Building a National Reputation
Most of what Tubbs accomplished as mayor comes with documentation. “In a lot of ways, it’s been one of the most consequential terms of any mayor in the times that I’ve lived in Stockton,” says Brian Klunk, a longtime Stockton resident who teaches political science and international relations at the University of the Pacific.
Tubbs is nationally known for his guaranteed basic income experiment. “I think the biggest challenge facing cities is absolutely poverty and scarcity,” Tubbs says. “That inequity, structural violence and racism — how they manifest themselves in poverty, the lack of security — are the biggest issues in our country.”
In February 2019, Stockton Economic Empowerment Demonstration began giving 125 Stockton residents a guaranteed income of $500 per month for 18 months. The program was funded by a $1 million grant from the Economic Security Project, a basic-income advocacy group started by Facebook cofounder Chris Hughes. Natalie Foster, co-chair of the Economic Security Project, and Tubbs raised an additional $2 million from organizations and individuals to originally sustain the project. In May 2020, Tubbs announced the program was extended until January 2021 through a private donation because of the economic strain COVID-19 had put on recipients.
Tubbs says he came to the idea through Martin Luther King Jr.’s 1967 book, “Where Do We Go From Here: Chaos or Community?” King wrote, “the solution to poverty is to abolish it directly by a now widely discussed measure: the guaranteed income.”
Mayors around the country took notice, seeking Tubbs’ advice on implementing similar programs. Tubbs founded and leads Mayors for a Guaranteed Income, a group of more than 30 mayors advocating for universal basic income, and Los Angeles, Oakland, Seattle, Philadelphia and Atlanta are among the cities working on variations of the plan. The idea received a national boost from presidential candidate Andrew Yang, who promised $1,000 a month to all U.S. citizens over 18.
Though Tubbs will theoretically have more time to devote to the national project, he’s not sure if that’s where he’s headed. “The scope of my involvement is dependent on what other options present themselves,” Tubbs says. “Whether it will be in (an) advisory capacity or a full-time job remains to be seen. I’m definitely still committed to that work, though.”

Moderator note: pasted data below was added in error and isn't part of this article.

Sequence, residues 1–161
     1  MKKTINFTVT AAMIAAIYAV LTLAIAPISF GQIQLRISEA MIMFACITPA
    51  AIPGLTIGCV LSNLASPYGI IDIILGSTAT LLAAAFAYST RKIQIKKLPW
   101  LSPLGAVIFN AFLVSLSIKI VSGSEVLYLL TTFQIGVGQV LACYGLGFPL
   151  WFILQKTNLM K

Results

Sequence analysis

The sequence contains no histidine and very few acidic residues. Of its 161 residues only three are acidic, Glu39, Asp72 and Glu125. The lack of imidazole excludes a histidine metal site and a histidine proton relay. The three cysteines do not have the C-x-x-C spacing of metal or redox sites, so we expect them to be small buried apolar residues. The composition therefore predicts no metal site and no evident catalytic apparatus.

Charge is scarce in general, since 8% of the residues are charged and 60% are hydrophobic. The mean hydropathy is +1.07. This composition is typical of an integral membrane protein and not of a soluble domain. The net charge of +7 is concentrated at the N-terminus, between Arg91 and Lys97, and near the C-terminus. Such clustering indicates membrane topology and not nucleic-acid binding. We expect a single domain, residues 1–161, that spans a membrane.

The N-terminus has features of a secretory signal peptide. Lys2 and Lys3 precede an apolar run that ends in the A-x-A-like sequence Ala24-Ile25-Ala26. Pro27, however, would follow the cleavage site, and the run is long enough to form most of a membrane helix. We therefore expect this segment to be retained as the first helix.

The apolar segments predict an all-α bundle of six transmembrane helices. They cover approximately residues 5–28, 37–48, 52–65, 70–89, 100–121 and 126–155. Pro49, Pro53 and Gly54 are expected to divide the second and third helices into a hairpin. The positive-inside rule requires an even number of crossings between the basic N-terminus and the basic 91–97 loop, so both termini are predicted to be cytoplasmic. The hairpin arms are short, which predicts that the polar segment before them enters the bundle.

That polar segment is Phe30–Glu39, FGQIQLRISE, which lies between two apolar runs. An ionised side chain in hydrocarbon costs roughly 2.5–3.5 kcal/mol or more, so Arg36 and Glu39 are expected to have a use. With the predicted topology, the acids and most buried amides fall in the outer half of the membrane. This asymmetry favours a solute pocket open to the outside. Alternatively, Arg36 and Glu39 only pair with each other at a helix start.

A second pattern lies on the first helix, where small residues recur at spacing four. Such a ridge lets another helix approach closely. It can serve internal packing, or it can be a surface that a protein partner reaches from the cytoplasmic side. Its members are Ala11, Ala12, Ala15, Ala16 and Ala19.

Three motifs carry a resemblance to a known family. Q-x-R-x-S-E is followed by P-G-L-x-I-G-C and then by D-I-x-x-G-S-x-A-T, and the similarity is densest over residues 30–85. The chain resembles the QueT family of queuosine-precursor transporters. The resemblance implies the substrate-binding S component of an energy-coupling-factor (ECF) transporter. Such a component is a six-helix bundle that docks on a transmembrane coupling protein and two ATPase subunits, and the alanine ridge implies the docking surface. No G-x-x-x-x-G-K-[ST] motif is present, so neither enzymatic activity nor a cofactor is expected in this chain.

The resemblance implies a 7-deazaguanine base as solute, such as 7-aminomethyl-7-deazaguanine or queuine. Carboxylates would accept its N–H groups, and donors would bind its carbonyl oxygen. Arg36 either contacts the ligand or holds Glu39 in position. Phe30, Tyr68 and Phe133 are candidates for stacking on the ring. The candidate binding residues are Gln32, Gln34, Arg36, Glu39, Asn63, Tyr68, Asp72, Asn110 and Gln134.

Stockton’s inequity issues have never been theoretical for Tubbs, who grew up on the city’s rough southside with a teenage mother and without his father, who was incarcerated as a teenager. But he says he did not feel impoverished; with family support, his mother sent him to a private elementary school, and his grandmother regularly took him to church, instilling a Christian faith that still buoys him. Tubbs pushed himself up and out to Stanford University, attending on a scholarship, gaining promise of a life most of his neighborhood peers couldn’t even dream of. While interning at the Obama White House, working with a national coalition of mayors, Tubbs was jolted toward a direction and purpose he feels will be lifelong.
“The murder of my cousin Donnell James in 2010 really caused me to realize that I felt a calling to come back (to Stockton) to stop it and to serve in local government,” he says. “I couldn’t think of doing anything else.” Speaking at his cousin’s funeral clarified Tubbs’ vision of disrupting the cycle of violence through enabling communities that lacked basic resources.
After graduating from Stanford, he came home and, at 21, ran for and won a seat on the city council. There he gained a reputation as someone who not only had good ideas but turned them into action.
In many ways, Stockton had little direction to go but up when Tubbs got there. In 2012, it became the largest city in the U.S. to declare bankruptcy; it left Chapter 9 protection in 2015 when Tubbs was a councilman heading a committee on the city’s financial restoration. Homicides, lack of education and poverty, a trifecta Tubbs sees as intractably linked, are all significant concerns. Four years ago, Tubbs won the mayor’s contest convincingly, with more than 70 percent of the vote, and he quickly went about acting on his vision. If anything connects his solutions, it’s a sense of communities healing themselves with outside structural support.
Tubbs’ community-based initiatives included the Stockton Service Corps, which incorporates community service to reverse poor educational outcomes in south Stockton through volunteer mentors and tutors, and Rise Stockton, which works on educating the community about creating a sustainable future by reducing greenhouse emissions. Rise Stockton is funded by a $10.8 million implementation grant from the Transformative Climate Communities Program overseen by the California Strategic Growth Council.
“When I think of governance,” Tubbs says, “it’s the ultimate act of leadership because you have to merge and forge consensus, you have to allocate scarce resources and put them toward priorities.”
Says Klunk, “I think with (Tubbs) something (that) stands out is that at least three of his major initiatives are areas where he has attracted private philanthropic support to bring resources into the community to address some of our long-standing concerns.”
In 2018, the Spiegel Family Fund donated $20 million to fund the Stockton Scholars program, which Tubbs started to help underprivileged students graduate from college. Students are mentored in high school and also get assistance on completing entrance applications and, ultimately, receive scholarships rather than loans.